Thursday, April 20, 2017

Quick Sips - Nightmare #55

The April stories in Nightmare Magazine do a great job of capturing a sense of darkness and magic in settings that don’t seem too different from our own. Where, for all the violence and all the strangeness and all the eerie beauty, there are links too to the mundane and the common, to the chore of visiting a sick relative and the insecurity of being in a new relationship. The stories reveal characters being confronted by strangers and making decisions they might have reason to regret. But these are also stories where, for all their violence and betrayal and weirdness, also hold on to a lifting hope. And before I spoil anything more, to the reviews!

Art by Dusan Kostic / Adobe Stock

“Red Hood” by Eric Schaller (4469 words)

This is a nicely creepy piece that mixes bargains, fairy tales, and the undead. The story centers Red Hood, a young woman who lives in a world populated with danger and the Risen, who seem to be zombies but are never outright named that. Still, zombie rules seem to apply what with needing to destroy the brain and all that. The story brings Red Hood on a mission to deliver supplies to her sick grandma, and she is able to travel safely in the world thanks to a suit that her grandma made her made of skin and smeared with blood that fools the Risen. Along the way through the underground passages to her grandma’s apartment, though, she meets a strange who is big and bad, though not exactly a wolf. I love the way the story mixes magic and blood, the way that the lines blur between a story that is probably actually set in the future with the feel and sensibilities of a tale from long ago, from the original Little Red Riding Hood. The blending of genres and tones is great and the story manages to do very new and delightfully disturbing things with the story, imaging this stranger as a sort of conman and sort of vampire and entirely a creep. He preys upon Red Hood’s expectations and her fears all the while never really lying. He doesn’t have to. He just has to conceal enough and let the darkness and bleakness of the setting do the rest. The story does a great job too of using the pattern of threes and recurring it again and again. It’s a great way to help build the tension, each iteration another warning that these things have a certain inevitability to them, that this is not safe, that something Bad is about to happen. And yet I also like that the story doesn’t descend completely into tragedy. There’s plenty of blood and violence, yes, but that doesn’t mean the story is a hopeless one. Indeed, it’s a piece about learning from the harshness of an environment and standing up and fighting back and it’s a bit shocking but also a bit righteous and the ending had me smiling. A great read!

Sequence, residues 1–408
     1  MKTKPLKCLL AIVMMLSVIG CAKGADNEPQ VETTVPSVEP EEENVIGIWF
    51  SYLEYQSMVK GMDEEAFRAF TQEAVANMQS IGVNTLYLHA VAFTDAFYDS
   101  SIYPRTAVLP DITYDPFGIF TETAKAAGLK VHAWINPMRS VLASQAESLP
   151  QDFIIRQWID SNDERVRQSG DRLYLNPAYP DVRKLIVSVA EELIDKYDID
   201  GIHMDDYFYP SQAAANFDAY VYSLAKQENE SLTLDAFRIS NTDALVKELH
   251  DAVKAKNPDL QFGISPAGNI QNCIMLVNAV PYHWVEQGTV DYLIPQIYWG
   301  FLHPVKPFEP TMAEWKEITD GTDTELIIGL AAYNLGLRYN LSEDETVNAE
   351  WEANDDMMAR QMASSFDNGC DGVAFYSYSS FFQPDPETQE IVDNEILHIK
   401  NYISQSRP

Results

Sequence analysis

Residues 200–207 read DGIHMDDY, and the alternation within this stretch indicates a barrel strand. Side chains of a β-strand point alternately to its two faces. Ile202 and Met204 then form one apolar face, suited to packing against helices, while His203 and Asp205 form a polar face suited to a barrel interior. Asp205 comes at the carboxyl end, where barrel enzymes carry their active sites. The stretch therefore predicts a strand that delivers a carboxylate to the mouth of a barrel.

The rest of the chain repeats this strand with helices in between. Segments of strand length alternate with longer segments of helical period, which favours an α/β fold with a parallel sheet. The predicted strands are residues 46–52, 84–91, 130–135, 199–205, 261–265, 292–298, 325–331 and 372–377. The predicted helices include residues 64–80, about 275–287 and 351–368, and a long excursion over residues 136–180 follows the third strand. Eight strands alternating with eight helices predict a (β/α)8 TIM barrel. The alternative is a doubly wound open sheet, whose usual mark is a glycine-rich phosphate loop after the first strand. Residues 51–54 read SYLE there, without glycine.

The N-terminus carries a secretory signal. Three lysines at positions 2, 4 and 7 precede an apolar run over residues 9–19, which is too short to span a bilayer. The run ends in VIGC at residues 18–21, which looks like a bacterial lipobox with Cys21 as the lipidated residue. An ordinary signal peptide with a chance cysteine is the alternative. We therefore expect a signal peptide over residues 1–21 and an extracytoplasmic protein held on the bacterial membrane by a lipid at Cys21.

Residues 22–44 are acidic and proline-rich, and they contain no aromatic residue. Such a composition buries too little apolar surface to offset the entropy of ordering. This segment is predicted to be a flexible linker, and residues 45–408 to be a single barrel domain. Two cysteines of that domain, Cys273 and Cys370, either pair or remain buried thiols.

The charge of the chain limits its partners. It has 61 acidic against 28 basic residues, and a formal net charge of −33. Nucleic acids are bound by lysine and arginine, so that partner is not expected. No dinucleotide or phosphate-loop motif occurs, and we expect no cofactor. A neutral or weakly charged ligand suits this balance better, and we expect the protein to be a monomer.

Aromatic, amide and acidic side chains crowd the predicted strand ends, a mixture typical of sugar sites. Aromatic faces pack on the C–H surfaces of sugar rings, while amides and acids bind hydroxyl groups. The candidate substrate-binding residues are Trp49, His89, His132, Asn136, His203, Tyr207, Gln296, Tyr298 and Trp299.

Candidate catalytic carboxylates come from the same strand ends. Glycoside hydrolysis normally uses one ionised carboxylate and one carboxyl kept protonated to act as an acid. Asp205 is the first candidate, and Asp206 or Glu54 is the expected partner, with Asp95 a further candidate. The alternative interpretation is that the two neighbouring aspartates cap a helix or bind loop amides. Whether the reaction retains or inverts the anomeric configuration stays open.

“Figs, Detached” by Jenn Grunigen (2455 words)

This is a lyrically dense and strange story that, like the last, mixes its magic into a world close to our own, one of day jobs and cars and the mundanity of relationships. Only this story also features a man the main character starts seeing who becomes pregnant from emotions and gives birth to fruit. It’s a weird premise and one that is rather disturbingly rendered in the prose. Even so, there’s something compelling about it, and for the main character it makes them wonder about the nature of their relationship with this man and, indeed, the nature of love in general. The mood of the story is thick and syrupy, dense and twisting so that some sections seem to pop up as if at random. The story follows like the taste of a fig, like the experience of eating and experiencing the flow of flavors and memories. The story imagines that the fruit the man produces has different properties based on what he takes in leading up to giving birth. With the main character they can produce a sort of love and definitely a lust, and a bevy of other flavors. But the man is not limited to that, and the main character starts to wonder where those other fruits come from. And that ends up planting a seed of its own, one of doubt and fear and hurt. The piece really does look at inspiration and affection and what might make up love. What might constitute cheating and infidelity. It’s a story that captures a raw emotional state in a very poetic and moving way. The relationship between the main character and the man, Lacticifer, is uncomfortably compelling and makes for a rather unforgettable reading experience. There are places where I personally feel I was missing something, not getting a reference, but even so I feel like it’s a story that deserves some time and attention. So definitely check it out!


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